Standing in front of a mirror in a white t-shirt, I thought I looked really, really white. And shiny. My scalp felt tight and tingly and, when I ran my palm over it, a little raspy. I was fifteen, and I’d just shaved my head for the first time. It was a nice enough head: not lumpy or pointy at all. Everyone told me I looked like Sinead O’Connor, which I didn’t. Over the next few weeks, a waitress mistook me for a boy in a skirt while I was at brunch with my family, and a kid in my class mistook me for his brother. My motives for shaving my head are long-forgotten, probably because they were weird and convoluted motives, but I learned something: I didn’t see the world any differently from inside a bald head.

My mother once said something to me about the way that femininity is tied to hair, something like “A woman without hair isn’t seen as a woman.” She was right, though her statement came from an experience very different from mine. People make assumptions and judgments about your gender identity and your sexuality when you don’t have a “feminine” hairstyle. Inside, I was still me: a mostly straight, mostly cisgendered person.  Outside, I was decidedly queer. For me, this was empowering. I was able to shrug off any negative experiences because they didn’t apply to my real identity, and embrace the escape from female stereotypes. People stopped assuming that I’d be submissive, ditzy, or emotional. I wasn’t objectified.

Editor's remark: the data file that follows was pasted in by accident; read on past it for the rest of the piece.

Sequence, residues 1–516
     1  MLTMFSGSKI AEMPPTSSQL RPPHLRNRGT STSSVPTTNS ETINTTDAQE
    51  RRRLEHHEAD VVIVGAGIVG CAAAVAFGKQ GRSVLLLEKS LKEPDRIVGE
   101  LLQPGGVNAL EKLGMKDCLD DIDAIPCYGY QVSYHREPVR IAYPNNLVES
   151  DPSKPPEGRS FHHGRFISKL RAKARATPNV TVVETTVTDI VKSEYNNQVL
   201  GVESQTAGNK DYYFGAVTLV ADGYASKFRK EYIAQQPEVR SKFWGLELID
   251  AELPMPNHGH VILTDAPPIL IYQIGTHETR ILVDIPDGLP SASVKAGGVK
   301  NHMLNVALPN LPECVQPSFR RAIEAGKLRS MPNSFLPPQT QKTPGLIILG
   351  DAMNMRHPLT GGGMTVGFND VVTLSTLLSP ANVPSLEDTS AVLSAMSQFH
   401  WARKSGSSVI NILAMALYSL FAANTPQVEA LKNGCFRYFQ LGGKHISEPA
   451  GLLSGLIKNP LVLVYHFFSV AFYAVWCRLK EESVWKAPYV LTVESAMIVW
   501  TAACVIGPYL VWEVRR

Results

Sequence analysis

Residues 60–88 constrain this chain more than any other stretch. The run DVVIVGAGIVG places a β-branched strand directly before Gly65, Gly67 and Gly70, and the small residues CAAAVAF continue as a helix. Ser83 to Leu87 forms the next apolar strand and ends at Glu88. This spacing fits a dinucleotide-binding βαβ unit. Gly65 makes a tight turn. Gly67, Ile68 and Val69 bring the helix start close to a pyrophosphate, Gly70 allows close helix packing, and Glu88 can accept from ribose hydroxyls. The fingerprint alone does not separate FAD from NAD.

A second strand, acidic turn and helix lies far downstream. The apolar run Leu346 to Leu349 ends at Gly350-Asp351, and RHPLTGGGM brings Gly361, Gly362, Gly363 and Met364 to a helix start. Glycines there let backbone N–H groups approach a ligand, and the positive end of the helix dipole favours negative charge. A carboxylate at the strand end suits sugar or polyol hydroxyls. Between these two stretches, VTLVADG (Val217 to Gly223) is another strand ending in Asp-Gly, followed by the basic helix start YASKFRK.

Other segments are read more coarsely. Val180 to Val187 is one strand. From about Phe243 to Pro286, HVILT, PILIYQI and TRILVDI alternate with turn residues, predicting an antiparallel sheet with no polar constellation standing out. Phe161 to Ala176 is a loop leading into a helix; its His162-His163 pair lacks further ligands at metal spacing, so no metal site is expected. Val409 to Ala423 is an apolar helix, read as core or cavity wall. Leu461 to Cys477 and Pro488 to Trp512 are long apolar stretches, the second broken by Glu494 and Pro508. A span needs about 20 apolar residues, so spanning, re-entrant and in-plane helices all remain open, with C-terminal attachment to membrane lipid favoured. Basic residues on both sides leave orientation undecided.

The positive, if superficial, feedback I had been used to receiving on my looks was missed. Sometimes, I was really self-conscious about my bald head. I’m not immune to social pressure, and I remember feeling hideous and embarrassed. With practice, I learned to see some new kinds of beauty in myself; I found the bunny-soft half-inch stage of growing my hair in and the arch and expression of the thick eyebrows that suddenly dominated my looks. I learned to really notice and appreciate being valued for my intelligence, though not yet for my kindness: I was not a kind teenager.
I wasn’t appropriating a symbol of some counterculture that didn’t apply to me or pretending to be something I wasn’t. My identity is complicated and I wear it in my heart, not on my skull. My skull I reserve for triumphs and mistakes in self-expression, convenience and daring. I’ve rocked a bald head, blue hair, a Mohawk and a buzz-cut. I’ve rocked bangs, spit curls, and long, mermaid hair. Sometimes, in the grow-out phase, I’ve rocked a mullet. There’s something to be said for all of it; Long hair is beautiful, wonderfully feminine and smooth to the touch; when I have short hair, I don’t have to wash or brush it every day, let alone keep track of hairties and bobby pins. I often look like a doofus, but I don’t care much.  My appearance is something I control, and if I feel like making the effort I can be gorgeous, tough, playful, lush, practical, feminine, androgynous, professional, alternative or look like a young Leonardo DiCaprio.